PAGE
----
Revival fashion brings heritage to life

The past is now shining vividly in a world of fashion that constantly thirst for novelty. It seems to be contradictory, but it is undeniable that the past is revived in the present and brightly illuminates the future. “Building the future means a deeper understanding of the past,” said Olivier Rusting, creative director of “Balmain”. In the Spring / Summer 2021 collection, he reprinted the two-tone monogram released by the founder of brand, Pierre Balmain, in the 1970s. In the early part of the show of SS21, which was held in Paris on September 30, Olivier and the six looks appeared on the stage who was wearing the archive with the two-tone monogram, adopted the voice of Pierre talking about the brand.

Balancing the brand’s DNA with a contemporary approach is the most difficult task for creative directors. Whether they continue to protect their heritage and lose its brilliance, or the brand is hijacked by a creative director and lose its heritage. Under such circumstances, returning to the origin of the brand and superimposing the past on the needs of the present is a big trend that has become established in recent years. “During the two-month lockdown, I considered how I should build the world and the future of tomorrow,” Olivier continued to explain why he has decided to reprint the monogram. “Digital, millennials, and the future were on the agenda, and I researched the archives. Then I came across the monogram and told myself, ‘True luxury is timeless,’ because no one is spending money on-trend value, not timeless value. “

In “Dior”, the saddlebag was relaunched in 1999 by then-creative director John Galliano. The current creative director Maria Grazia Chiuri renewed it with some tweaks in 2018. With the reprint of the classic, brand’s legacy will continue to grow in value. Donatella Versace has reprinted many archives in the Spring / Summer 2018 collection as a tribute to her brother Gianni Versace, the founder of “Versace”, who died in 1997. Donatella said at the time that silhouette was the only change from the original design, “true value can be reproduced indefinitely without dying.”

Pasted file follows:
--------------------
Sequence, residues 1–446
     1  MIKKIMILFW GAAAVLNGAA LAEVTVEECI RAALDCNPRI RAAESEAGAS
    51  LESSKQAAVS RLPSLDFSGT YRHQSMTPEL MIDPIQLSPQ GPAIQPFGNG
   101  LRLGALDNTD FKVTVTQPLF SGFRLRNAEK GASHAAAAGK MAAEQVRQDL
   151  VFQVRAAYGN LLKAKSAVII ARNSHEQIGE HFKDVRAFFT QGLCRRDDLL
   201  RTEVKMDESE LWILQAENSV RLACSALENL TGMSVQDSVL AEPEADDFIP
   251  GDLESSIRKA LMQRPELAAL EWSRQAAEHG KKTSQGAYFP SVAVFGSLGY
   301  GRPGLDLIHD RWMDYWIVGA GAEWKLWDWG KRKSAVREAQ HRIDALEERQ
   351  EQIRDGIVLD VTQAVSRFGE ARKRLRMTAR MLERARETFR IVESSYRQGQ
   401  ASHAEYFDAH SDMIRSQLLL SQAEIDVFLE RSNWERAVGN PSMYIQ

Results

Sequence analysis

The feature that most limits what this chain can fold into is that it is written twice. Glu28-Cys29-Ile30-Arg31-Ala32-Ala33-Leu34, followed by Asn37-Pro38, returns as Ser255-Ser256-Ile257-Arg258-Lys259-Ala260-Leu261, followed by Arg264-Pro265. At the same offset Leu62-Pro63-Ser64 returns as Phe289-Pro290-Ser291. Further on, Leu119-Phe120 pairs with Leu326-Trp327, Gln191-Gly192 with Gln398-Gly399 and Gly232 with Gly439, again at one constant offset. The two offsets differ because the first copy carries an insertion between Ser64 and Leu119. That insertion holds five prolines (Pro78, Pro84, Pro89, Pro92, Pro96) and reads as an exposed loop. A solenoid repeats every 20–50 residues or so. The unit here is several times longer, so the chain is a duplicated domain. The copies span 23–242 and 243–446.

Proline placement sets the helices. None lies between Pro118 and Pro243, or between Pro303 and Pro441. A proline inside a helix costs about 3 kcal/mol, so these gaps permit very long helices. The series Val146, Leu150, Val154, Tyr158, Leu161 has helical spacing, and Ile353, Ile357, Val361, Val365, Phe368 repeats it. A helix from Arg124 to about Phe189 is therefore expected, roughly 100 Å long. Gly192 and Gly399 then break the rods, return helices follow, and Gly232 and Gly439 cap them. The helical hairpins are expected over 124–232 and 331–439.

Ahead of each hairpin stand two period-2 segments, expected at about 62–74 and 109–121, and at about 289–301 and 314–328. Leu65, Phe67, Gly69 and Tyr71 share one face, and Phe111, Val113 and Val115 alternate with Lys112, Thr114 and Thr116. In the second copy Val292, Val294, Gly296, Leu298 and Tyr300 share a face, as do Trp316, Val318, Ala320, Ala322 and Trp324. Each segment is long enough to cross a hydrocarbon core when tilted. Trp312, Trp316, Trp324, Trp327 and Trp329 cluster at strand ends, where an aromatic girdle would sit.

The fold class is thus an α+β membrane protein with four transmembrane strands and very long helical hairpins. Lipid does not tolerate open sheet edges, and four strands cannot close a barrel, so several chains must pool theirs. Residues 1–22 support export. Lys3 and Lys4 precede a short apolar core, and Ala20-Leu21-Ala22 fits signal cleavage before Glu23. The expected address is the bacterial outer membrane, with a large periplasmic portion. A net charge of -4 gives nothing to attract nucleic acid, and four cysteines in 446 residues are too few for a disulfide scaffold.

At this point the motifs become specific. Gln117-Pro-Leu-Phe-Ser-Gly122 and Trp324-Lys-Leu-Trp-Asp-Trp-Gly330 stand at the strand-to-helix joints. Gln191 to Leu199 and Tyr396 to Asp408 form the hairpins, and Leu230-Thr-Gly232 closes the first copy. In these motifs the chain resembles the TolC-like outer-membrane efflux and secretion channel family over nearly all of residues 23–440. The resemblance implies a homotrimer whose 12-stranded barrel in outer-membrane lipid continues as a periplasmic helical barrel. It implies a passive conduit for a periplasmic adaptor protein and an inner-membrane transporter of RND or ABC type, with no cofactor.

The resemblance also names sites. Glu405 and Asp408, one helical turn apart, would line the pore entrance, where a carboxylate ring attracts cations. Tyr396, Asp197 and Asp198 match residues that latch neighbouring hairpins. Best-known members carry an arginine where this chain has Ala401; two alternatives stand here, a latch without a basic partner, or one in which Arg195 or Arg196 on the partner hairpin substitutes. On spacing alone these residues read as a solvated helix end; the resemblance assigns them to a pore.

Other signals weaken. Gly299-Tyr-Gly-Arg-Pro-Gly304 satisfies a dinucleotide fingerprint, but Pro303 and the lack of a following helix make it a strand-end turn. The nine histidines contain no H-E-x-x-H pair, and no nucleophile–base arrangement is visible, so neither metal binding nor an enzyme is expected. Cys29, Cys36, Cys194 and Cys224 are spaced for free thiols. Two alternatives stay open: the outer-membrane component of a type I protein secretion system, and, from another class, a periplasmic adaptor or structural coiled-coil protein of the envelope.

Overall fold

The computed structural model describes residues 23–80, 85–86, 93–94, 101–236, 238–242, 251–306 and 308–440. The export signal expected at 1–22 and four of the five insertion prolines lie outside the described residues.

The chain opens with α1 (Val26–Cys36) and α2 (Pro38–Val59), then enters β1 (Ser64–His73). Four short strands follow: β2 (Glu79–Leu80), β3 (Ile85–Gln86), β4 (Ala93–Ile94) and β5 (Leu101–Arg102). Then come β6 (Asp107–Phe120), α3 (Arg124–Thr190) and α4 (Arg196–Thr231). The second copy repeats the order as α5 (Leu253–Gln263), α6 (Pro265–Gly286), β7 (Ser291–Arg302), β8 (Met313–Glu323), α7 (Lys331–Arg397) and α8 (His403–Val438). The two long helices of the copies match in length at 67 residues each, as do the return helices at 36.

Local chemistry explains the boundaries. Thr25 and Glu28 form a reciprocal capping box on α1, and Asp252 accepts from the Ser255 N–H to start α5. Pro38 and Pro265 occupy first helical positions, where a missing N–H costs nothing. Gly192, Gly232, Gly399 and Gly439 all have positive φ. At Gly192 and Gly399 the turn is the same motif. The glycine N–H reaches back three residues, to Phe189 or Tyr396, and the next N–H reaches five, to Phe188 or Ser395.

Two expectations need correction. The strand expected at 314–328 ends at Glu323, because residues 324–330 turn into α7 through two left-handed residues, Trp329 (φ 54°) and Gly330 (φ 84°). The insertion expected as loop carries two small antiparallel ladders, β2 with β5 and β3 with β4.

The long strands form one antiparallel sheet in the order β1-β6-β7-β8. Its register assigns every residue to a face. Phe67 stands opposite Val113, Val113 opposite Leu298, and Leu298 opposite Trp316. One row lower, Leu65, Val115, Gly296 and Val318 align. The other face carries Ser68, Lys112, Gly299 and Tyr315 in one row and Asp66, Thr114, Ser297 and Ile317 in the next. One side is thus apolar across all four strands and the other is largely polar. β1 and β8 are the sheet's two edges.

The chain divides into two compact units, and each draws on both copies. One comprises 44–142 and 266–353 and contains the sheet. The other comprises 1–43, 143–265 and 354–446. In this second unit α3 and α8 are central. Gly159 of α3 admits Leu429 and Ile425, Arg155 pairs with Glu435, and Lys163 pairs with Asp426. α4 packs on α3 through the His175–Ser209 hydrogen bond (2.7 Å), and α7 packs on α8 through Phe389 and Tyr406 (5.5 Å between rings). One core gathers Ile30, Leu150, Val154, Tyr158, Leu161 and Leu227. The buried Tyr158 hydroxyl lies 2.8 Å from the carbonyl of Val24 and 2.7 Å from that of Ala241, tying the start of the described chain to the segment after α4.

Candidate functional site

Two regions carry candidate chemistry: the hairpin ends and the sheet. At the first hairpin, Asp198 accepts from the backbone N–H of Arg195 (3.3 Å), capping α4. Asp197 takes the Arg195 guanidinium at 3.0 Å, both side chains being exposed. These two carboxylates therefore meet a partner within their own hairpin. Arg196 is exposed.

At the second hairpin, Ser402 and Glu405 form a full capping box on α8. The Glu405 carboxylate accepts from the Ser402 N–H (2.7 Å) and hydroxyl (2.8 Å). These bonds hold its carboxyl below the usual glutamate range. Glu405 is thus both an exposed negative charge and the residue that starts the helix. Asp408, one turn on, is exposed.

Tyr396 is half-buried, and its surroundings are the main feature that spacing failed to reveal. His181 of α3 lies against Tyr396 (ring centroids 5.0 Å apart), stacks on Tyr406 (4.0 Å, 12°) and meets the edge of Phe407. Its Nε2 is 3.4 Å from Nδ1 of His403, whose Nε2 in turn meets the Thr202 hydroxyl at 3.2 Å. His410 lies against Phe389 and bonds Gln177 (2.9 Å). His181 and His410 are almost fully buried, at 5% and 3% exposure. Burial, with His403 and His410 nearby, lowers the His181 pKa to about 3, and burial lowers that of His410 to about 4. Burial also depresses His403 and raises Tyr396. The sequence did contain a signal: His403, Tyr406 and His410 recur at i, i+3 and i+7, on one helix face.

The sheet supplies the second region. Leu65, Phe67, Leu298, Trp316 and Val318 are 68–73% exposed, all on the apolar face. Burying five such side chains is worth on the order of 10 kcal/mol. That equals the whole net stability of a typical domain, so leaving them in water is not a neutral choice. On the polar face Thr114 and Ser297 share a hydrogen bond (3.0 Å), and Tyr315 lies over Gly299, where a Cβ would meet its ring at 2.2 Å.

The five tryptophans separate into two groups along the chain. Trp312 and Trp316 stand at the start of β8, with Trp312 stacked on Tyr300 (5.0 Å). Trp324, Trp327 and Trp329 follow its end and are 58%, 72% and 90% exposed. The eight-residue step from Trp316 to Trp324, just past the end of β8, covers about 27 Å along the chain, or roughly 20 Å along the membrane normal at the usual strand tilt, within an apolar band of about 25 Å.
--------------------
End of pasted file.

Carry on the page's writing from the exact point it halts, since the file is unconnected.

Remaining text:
Another option is to rewrite the code to modernize the brand’s image. In “Burberry”, Riccardo Tisci created a monogram with the initial TB of the founder. “Gucci” by Alessandro Michele created a motif of GG monogram with a flora print and “Bottega Veneta” by Daniel Lee also focuses on signature intrecciato. While the reprint has a bright future, some designs keep you breathing as a living heritage without being removed from the collection. A typical example is the 101801 coat of “Max Mara”. Designed by Anne Marie Beretta in 1981, this coat has been in the same pattern for almost 40 years. No matter how many times other brands imitate it, the value of “Max Mara” does not fade and it embodies universality in the fashion world.

The recent growth of the resale market is one of the reasons the iconic design is increasing in demand. The rise of resale sites for luxury brands such as Vestiaire Collective and The Real Real have even changed consumer practices. According to The Smart Side of Fashion 2020 Report by Vestiaire Collective, Generation Z and millennials tend to have a strong consciousness to purchase in order to reduce consumption and rationalize better things as they receive a lot of information on the Internet and are eco-conscious. For them, timeless iconic products have the great advantage of not being short-lived. It is also more likely to get higher prices when resold than trending items, so it is recognized as a wise option.